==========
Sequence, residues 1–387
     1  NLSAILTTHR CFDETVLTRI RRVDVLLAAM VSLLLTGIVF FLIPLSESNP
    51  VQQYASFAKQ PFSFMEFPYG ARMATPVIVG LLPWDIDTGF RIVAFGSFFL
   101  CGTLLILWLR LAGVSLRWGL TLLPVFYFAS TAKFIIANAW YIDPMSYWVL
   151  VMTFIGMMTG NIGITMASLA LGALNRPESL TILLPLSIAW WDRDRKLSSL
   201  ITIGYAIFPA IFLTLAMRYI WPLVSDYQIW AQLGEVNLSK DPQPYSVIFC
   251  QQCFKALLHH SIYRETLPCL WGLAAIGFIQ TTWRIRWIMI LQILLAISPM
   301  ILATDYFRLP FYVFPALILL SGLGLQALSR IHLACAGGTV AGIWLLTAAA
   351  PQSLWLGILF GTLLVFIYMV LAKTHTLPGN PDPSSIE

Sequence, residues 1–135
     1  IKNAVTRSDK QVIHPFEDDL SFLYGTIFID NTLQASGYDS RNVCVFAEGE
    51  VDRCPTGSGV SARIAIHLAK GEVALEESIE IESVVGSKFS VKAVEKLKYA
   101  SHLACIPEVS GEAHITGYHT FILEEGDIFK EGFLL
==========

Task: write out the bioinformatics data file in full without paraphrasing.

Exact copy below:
Sequence, residues 1–387
     1  NLSAILTTHR CFDETVLTRI RRVDVLLAAM VSLLLTGIVF FLIPLSESNP
    51  VQQYASFAKQ PFSFMEFPYG ARMATPVIVG LLPWDIDTGF RIVAFGSFFL
   101  CGTLLILWLR LAGVSLRWGL TLLPVFYFAS TAKFIIANAW YIDPMSYWVL
   151  VMTFIGMMTG NIGITMASLA LGALNRPESL TILLPLSIAW WDRDRKLSSL
   201  ITIGYAIFPA IFLTLAMRYI WPLVSDYQIW AQLGEVNLSK DPQPYSVIFC
   251  QQCFKALLHH SIYRETLPCL WGLAAIGFIQ TTWRIRWIMI LQILLAISPM
   301  ILATDYFRLP FYVFPALILL SGLGLQALSR IHLACAGGTV AGIWLLTAAA
   351  PQSLWLGILF GTLLVFIYMV LAKTHTLPGN PDPSSIE

Sequence, residues 1–135
     1  IKNAVTRSDK QVIHPFEDDL SFLYGTIFID NTLQASGYDS RNVCVFAEGE
    51  VDRCPTGSGV SARIAIHLAK GEVALEESIE IESVVGSKFS VKAVEKLKYA
   101  SHLACIPEVS GEAHITGYHT FILEEGDIFK EGFLL